Thursday, December 1, 2011



It used to be that a novel’s inciting incident came thirty or forty pages in, after the reader had settled into the world of the novel, met the major characters, & gotten a feel for whatever the norm was in the protagonist’s life. Over the years, the inciting incident has inched closer & closer to the beginning of the novel, so that now it’s not surprising at all (especially in teen lit) to discover the inciting incident on page one. We live in a world of immediacy – but that is another post.

The word incite came to English in the 1400s through Middle French (enciter) which came from Latin (incitare – to put into rapid motion). The in- can mean in, on, into or upon, while the –citare means to rouse, instigate, stimulate, urge, stir or encourage.

So while a novel’s inciting incident puts the story into rapid motion, the story as a whole incites much more. The year Carol Plum-Ucci’s compelling novel What Happened to Lani Garver first hit the stands, one of my 8th graders plowed through the book in a night, then rushed into my class the next morning, clutching the book to her heart and exhorting, “This book changed the way I see the world.” Wow. There’s a novel that did some inciting.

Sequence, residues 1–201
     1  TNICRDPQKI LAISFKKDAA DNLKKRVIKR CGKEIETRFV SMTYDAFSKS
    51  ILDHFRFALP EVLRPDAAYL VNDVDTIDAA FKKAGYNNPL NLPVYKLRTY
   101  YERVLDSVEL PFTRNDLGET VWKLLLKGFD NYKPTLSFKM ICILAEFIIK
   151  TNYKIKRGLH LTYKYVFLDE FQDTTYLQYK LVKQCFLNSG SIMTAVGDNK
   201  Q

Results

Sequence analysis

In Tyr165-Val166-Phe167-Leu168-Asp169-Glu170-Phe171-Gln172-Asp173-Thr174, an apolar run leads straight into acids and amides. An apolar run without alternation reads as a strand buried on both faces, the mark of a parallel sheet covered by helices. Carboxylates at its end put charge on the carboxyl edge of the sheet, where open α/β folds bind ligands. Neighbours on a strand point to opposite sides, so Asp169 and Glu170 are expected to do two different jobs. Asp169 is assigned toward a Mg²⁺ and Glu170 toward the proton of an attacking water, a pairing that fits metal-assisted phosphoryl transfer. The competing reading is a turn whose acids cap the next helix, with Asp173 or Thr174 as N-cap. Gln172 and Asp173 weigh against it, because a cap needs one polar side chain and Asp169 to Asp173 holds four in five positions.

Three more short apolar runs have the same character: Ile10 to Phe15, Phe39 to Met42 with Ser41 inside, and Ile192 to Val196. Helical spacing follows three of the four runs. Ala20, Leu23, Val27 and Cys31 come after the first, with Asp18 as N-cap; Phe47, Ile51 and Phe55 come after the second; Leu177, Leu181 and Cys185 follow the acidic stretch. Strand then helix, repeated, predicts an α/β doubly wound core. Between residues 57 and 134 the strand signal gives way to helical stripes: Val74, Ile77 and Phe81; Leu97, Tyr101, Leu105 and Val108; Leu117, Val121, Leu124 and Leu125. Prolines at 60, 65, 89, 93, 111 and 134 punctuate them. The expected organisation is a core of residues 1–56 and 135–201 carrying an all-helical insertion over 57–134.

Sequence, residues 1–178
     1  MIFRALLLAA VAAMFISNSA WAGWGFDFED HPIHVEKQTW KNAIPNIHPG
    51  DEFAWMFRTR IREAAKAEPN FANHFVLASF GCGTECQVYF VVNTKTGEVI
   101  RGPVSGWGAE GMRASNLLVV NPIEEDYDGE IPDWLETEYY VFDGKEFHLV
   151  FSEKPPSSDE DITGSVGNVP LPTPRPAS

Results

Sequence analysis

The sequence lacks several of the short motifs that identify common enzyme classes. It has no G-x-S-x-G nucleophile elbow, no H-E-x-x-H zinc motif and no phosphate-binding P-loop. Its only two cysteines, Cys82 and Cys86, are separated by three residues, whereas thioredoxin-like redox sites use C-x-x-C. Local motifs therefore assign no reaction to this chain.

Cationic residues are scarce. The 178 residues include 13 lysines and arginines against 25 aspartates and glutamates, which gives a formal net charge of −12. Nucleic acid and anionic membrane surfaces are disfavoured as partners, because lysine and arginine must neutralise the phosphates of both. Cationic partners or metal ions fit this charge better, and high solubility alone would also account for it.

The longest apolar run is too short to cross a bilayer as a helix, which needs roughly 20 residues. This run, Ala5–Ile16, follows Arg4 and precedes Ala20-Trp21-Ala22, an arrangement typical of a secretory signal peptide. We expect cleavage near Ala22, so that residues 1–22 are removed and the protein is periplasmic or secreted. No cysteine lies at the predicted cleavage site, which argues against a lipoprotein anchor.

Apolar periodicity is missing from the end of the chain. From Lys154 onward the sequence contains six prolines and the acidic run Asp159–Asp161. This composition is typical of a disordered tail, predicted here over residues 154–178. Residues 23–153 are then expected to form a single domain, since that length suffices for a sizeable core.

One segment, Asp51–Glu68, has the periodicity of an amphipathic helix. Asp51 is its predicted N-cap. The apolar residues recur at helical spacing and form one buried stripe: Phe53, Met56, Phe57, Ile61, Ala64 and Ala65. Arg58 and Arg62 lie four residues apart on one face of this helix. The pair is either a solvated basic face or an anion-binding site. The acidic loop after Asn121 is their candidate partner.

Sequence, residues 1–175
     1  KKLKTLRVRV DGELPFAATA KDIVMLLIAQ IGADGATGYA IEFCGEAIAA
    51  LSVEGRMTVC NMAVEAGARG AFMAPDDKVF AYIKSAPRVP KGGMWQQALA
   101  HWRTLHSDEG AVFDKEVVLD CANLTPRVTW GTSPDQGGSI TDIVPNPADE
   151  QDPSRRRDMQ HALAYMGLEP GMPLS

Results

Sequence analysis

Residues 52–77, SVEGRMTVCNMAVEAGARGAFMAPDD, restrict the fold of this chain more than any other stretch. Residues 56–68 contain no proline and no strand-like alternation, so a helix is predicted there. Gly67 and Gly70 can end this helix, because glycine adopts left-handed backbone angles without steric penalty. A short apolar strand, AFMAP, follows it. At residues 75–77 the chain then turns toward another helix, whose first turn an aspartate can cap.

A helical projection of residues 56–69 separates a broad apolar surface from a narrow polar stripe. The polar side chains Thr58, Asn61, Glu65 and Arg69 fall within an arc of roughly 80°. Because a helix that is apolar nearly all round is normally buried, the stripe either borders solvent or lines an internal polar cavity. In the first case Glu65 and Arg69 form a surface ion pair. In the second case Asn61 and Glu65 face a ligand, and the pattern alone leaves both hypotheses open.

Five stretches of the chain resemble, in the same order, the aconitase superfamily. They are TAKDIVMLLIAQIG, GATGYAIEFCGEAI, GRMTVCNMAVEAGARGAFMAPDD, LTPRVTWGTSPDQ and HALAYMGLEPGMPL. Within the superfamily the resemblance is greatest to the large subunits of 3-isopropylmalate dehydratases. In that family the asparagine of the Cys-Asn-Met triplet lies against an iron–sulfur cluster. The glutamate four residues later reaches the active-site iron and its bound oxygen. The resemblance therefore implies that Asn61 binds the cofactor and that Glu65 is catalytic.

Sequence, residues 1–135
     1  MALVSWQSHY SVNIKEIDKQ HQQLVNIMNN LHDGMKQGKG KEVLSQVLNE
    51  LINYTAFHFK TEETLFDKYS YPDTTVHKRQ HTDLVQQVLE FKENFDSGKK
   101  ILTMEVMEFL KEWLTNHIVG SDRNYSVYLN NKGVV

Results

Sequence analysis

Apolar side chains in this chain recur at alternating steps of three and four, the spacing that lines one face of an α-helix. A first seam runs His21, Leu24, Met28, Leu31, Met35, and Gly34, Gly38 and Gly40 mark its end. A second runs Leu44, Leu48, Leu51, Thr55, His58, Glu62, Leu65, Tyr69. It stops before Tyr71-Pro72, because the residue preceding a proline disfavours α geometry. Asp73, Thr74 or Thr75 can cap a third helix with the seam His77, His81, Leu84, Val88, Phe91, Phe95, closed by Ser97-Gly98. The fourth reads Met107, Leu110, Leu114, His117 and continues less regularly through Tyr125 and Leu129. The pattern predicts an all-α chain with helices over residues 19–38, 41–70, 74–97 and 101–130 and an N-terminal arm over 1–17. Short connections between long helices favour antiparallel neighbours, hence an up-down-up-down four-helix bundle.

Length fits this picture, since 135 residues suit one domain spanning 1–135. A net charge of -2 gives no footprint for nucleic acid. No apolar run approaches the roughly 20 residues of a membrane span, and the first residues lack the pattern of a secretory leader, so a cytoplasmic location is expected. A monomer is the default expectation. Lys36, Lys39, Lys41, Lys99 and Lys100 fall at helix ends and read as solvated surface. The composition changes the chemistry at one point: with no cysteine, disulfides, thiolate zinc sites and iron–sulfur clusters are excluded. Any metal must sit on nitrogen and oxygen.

Few authors expect to incite that sort of internal riot, but most of us do dream of inciting something: the heart, the head, the aspirations, political awareness, action, reverie, appreciation, humor...

Good followers, what sort of inciting do you hope to do with your novels?

My thanks go out to this week’s sources,, the OED,, &


  1. Oh, Charlie, I LOVE to incite and excite imagination and creativity!

  2. I like that word and the idea of incite! Maybe that's where my passion for writing really comes from?

  3. Ahoy Anne, Joan & Jean Ann,
    Thanks for stopping in. The three of you have incredibly disparate ways of inciting, but each of you do. May you be as fortunate as Carol Plum-Ucci, and actually change the way your readers see the world.